Thursday 03 March 2011
What’s good nutrition without healthy eating habits? Do you know what might be stopping you from reaching your optimal health? Maybe it’s eating late at night, or overindulging too often. As much as it is crucial to eat healthy foods, it's just as important to acknowledge some of the unhealthy eating habits you may have developed over the years. We can make a tremendous difference in our overall health, weight, energy and immunity by adopting new eating habits.
This is one habit that most of us are guilty of on occasion. But, has overeating become something habitual to you? This is one of the most common yet dangerous eating habits. It’s alright to overindulge on occasions such as parties and holidays, but many of us have become insensitive to the feeling of hunger. We’ve turned up our satiety a notch by constantly eating to “fullness” resulting in more food being required to feel satisfied as we move forward.
The mechanism behind this is that when we eat this large quantity of food in one sitting, we cause our stomach to expand. Then we constantly need more and more food to fill our belly. Needless to say, constantly overeating can lead to obesity, which is a factor in the development of many other diseases. The over consumption of food stresses the digestive tract and other organs causing them to overwork and become weakened. It’s said that our nation is overfed and undernourished. Our body is craving missing nutrients. We’re eating too much processed, refined and nutrient deprived food while leaving out the nutritionally dense superfoods! Instead of eating 1 to 2 large meals per day, the best approach is to eat 5 to 6 smaller meals and snacks every couple hours throughout the day. Eating frequent, light snacks and meals throughout the day is called the “Warrior Diet”. It's often practiced by people who have a fast-paced, busy lifestyle or who are trying to keep their metabolism accelerated. It will keep your blood sugar level balanced and prevent extreme pangs of hunger leading to cravings and overindulging. Eating a variety of natural foods with different flavors will also help to satisfy us more and lessen the desire to eat excessively. To see Beyond Vitality's Holistic Health and Nutrition Services, click here.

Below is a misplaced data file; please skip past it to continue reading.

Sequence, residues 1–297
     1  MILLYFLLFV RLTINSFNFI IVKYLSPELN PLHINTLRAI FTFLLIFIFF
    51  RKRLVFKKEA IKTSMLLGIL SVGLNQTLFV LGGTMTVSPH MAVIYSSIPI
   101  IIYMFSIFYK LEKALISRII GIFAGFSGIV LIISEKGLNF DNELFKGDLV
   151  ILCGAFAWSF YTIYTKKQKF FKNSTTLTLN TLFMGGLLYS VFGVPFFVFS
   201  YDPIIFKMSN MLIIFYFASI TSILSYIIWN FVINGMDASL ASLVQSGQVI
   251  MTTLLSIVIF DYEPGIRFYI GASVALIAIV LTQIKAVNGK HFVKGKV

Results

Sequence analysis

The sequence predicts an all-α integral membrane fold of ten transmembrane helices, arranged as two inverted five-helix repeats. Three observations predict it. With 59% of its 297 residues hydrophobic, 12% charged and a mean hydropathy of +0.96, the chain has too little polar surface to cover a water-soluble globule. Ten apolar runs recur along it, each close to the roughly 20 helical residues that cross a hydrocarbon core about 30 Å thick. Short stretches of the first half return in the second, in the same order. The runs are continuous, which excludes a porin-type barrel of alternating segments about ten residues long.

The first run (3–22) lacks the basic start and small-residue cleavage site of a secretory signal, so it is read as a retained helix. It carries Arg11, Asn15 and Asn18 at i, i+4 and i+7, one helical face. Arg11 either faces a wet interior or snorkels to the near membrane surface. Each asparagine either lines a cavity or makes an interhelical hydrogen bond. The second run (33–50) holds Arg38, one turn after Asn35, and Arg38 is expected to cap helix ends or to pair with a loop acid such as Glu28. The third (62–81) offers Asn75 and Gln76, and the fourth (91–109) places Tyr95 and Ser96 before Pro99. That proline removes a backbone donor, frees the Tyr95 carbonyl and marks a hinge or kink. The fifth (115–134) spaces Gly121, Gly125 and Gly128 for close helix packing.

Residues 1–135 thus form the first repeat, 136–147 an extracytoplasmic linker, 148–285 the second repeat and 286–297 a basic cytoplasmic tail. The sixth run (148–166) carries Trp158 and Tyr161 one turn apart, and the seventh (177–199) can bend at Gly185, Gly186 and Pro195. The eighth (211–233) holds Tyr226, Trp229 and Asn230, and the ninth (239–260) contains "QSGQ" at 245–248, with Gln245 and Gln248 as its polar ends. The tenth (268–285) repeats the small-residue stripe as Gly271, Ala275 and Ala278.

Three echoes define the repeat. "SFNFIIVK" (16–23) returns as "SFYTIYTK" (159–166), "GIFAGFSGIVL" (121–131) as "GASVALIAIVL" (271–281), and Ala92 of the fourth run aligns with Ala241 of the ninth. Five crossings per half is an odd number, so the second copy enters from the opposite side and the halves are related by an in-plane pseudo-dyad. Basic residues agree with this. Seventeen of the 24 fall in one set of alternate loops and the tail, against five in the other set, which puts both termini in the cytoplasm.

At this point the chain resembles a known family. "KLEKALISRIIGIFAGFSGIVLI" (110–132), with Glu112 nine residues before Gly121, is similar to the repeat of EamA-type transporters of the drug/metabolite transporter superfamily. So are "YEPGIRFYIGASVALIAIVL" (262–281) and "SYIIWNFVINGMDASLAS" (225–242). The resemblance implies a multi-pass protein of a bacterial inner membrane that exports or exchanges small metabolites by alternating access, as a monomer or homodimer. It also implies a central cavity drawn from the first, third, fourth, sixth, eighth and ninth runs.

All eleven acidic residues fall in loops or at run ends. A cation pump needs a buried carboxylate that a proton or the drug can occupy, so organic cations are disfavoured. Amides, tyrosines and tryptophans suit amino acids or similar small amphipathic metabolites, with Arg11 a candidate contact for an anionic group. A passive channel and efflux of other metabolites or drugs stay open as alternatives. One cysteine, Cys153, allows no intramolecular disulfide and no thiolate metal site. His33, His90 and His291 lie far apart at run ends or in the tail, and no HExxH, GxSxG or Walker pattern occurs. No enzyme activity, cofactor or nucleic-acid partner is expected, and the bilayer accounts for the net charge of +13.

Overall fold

This habit, or problem, may often be associated to a strong stress or psychological component. With the pressure of the media, there has been a rise in the incidence of undereating and can be associated with medical disorders such as Anorexia Nervosa and Bulimia. People with these disorders are often overly concerned about gaining weight and/or may have a distorted self-image. They usually require special medical and psychological counseling, along with the continuous support of loved ones. It’s important to remember that a long and lean body like Barbie, as portrayed in everything that we see, is often not the natural body shape of the average person. We shouldn’t have to starve ourselves to maintain our “ideal” weight or shape! Whether it's skipping meals or eating very limited amounts of food, all forms of undereating can eventually lead to serious problems such as deficiencies in the macronutrients protein, carbohydrates and fats, as well as in the micronutrients such as vitamins and minerals. Skipping meals, eating few calories or “yo-yo” dieting can also lower your metabolism, making it even harder to control your weight. The key to increasing your metabolism is to consume snacks every few hours, practice weight lifting and cardiovascular exercise, specifically in the form of intervals (sprint, jog, sprint, jog, and/or jog, walk, jog, walk). Overall, the lack of calories causes symptoms such as low energy, weakness, malnourished organs, skin problems, hair loss, bone demineralization, lack of sexual drive and many more serious health consequences. It should be kept in mind though that severe weight loss, despite regular eating, may also indicate an underlying medical condition.